When humans consume pharmaceuticals, illicit drugs, and caffeine they excrete a portion of these substances as waste. In turn, this waste is flushed down toilets. Flushing is also a common means of disposal of unwanted pharmaceuticals and illicit drugs. In the context of large cities, flushed wastewater is generally transported through a network of sewers to a POTW. (7) These facilities employ a variety of technologies and processes designed to remove solid waste, bacteria, and other pollutants from municipal wastewater. (8) The levels of pharmaceuticals, illicit drugs, and caffeine that remain in treated wastewater effluent largely depend on the technology used. POTWs located in coastal regions, such as the Hyperion Treatment Plant in Los Angeles, the Point Loma Wastewater Treatment Plant in San Diego, and the San Jose/Santa Clara Water Pollution Control Plant in San Jose, often discharge treated wastewater effluent directly into coastal waters. (9) This makes POTWs the last safeguard to prevent flushed pollutants from reaching coastal waters.

    Although POTWs reduce the concentrations of pharmaceuticals, illicit drugs, and caffeine in wastewater, some measure of these pollutants still remains in wastewater after treatment and is thus introduced into the marine environment. A recent study in Southern California tested effluent from four large POTWs that discharge into coastal waters through marine outfalls. (10) The study found pharmaceutical hormones such as estradiol, testosterone, progesterone, and estrone in 63-100% of effluent samples. (11) Another alarming study detected cocaine in 36% of mussel tissue samples collected along the California coast and caffeine in 19% of the samples. (12) As more research is conducted to determine the levels of pharmaceuticals, illicit drugs, and caffeine in POTW influent and effluent, concern is growing over the effects these pollutants may have on marine organisms and ecosystems.

  2. The Effects of Flushed Pollutants on Marine Organisms

    Pharmaceuticals, illicit drugs, and caffeine have been detected in California's coastal waters, but little research has been done to determine the rate at which these pollutants are being introduced into the marine environment. The persistence of these pollutants and the effects they have on marine organisms and ecosystems are also largely unknown. If these pollutants prove to be harmful and persistent, exposure and bioaccumulation could threaten the collapse of ecosystems already imperiled by climate change, overfishing, and other anthropogenic impacts. This section introduces pharmaceuticals, illicit drugs, and caffeine, and summarizes what is known about the concerning effects these pollutants may have on marine organisms and ecosystems.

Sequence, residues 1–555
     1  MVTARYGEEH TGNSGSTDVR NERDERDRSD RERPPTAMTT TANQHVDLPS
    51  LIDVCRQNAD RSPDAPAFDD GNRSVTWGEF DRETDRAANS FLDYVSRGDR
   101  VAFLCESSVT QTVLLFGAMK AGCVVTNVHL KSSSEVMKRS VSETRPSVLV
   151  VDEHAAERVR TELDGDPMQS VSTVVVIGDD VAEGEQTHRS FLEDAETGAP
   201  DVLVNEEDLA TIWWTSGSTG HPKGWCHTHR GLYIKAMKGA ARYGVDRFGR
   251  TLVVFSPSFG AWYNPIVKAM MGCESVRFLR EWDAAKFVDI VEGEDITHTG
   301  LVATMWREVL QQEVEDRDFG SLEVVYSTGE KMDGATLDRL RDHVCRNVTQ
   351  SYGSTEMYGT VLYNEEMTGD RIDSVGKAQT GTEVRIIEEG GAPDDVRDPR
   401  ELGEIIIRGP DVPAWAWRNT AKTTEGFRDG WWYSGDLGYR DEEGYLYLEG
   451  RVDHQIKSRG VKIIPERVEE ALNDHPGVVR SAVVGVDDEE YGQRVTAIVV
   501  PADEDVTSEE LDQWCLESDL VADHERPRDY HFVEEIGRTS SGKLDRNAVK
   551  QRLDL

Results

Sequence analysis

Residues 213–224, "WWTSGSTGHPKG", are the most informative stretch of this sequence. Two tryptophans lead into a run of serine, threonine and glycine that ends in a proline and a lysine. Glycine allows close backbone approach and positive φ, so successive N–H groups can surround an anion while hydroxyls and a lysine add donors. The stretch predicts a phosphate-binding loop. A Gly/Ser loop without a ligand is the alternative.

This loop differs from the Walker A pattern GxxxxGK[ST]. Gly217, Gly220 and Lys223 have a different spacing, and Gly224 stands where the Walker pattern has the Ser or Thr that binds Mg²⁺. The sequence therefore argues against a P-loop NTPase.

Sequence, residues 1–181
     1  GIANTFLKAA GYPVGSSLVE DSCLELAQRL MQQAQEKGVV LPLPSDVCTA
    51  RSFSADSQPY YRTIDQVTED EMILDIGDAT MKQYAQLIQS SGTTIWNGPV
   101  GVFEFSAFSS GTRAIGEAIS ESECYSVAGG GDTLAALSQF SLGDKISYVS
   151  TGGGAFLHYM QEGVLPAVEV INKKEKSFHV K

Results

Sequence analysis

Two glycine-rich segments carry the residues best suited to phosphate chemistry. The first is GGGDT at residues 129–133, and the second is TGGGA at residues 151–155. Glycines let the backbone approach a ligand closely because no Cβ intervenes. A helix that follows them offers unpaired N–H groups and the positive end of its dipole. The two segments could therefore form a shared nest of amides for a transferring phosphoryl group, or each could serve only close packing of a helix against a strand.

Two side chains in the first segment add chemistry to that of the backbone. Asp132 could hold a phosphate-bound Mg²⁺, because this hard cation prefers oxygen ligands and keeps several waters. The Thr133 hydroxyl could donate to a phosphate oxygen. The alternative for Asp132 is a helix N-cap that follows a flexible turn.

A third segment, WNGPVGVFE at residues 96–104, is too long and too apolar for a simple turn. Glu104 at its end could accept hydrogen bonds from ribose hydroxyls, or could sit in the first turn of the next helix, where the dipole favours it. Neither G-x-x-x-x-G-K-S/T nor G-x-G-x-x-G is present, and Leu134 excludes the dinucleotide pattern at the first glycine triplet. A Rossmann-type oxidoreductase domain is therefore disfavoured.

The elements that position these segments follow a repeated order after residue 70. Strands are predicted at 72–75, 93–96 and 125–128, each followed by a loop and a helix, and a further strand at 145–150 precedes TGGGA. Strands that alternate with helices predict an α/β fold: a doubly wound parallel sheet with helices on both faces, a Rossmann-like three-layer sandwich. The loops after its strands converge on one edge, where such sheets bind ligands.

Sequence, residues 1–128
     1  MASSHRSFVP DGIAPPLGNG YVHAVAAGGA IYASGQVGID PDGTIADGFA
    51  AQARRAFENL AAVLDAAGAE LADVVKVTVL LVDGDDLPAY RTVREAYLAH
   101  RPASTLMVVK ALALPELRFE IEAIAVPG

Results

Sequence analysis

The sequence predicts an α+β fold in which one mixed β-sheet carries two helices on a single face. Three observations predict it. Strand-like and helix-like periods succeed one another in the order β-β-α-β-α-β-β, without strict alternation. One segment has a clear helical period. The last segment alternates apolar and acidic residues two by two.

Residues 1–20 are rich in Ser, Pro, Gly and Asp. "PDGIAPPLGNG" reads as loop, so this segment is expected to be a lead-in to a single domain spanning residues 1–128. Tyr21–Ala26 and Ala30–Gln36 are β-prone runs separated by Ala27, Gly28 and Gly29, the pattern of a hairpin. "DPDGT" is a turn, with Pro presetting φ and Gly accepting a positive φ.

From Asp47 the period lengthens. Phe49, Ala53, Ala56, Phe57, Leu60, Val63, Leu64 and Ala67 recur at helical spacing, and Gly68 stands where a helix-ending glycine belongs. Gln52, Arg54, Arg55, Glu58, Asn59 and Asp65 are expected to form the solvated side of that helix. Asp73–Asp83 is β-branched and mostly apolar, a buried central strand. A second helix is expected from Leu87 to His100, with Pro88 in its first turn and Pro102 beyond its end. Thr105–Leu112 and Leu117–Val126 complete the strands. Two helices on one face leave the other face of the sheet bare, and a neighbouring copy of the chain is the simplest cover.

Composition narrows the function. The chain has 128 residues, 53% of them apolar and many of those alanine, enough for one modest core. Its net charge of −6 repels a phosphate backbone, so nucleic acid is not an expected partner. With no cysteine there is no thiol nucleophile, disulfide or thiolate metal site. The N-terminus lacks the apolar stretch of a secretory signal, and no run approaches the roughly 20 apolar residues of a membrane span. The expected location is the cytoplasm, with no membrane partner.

1. Pharmaceuticals

      Pharmaceuticals include both prescription and over-the-counter medications. Antibiotics, antidepressants, and reproductive hormones are a few examples of particular concern. In a 2012 study, almost half of Americans reported using at least one prescription medication in the past 30 days, (13) and pharmaceutical use in the United States continues to rise. (14) The body absorbs only a portion of pharmaceutical compounds that are consumed and excretes the remainder as waste. (15) With prescription drug abuse and overdose rates on the rise, (16) unused pharmaceuticals are also commonly flushed as a method of disposal. Pharmaceutical pollution has been detected in treated wastewater effluent and in surface waters throughout the nation, (17) and has been documented in detail along the South Florida Coast. (18) In fact, according to the National Centers for Coastal Ocean Science, pharmaceutical pollution may be as common in the marine environment as agricultural pollution. (19) However, as compared to agrochemicals, far less research has been conducted on the effects of pharmaceuticals on marine organisms and ecosystems.

      Pharmaceutical antibiotics, antidepressants, and reproductive hormones (birth control) are endocrine-disrupting chemicals ("EDCs") that have been detected in treated wastewater effluent. (20) EDCs interfere with "the production, release, transport, metabolism, binding, action, or elimination of natural hormones in the body responsible for the maintenance of homeostasis and the regulation of developmental processes." (21) EDCs have been linked to reproductive and developmental toxicity, carcinogenesis, immunotoxicity, and neurotoxicity in humans, (22) and research indicates EDCs may have similar impacts on wildlife. (23) Exposure to pharmaceutical EDCs has been shown to have devastating consequences for freshwater organisms (24) and preliminary research indicates marine organisms may be similarly affected. (25) Appropriately, there is growing concern in the environmental community over the introduction of pharmaceutical EDCs into coastal ecosystems through treated wastewater.

    2. Illicit Drugs

      For the purposes of this paper, illicit drugs are those for which nonmedical use or possession is prohibited by federal law. A 2013 report prepared by the Substance Abuse and Mental Health Services Administration estimated roughly 9.4% of Americans aged 12 or older had used at least one illicit drug in the past month. (26) Similar to its treatment of pharmaceuticals, the human body does not absorb a large portion of illicit drugs that are consumed...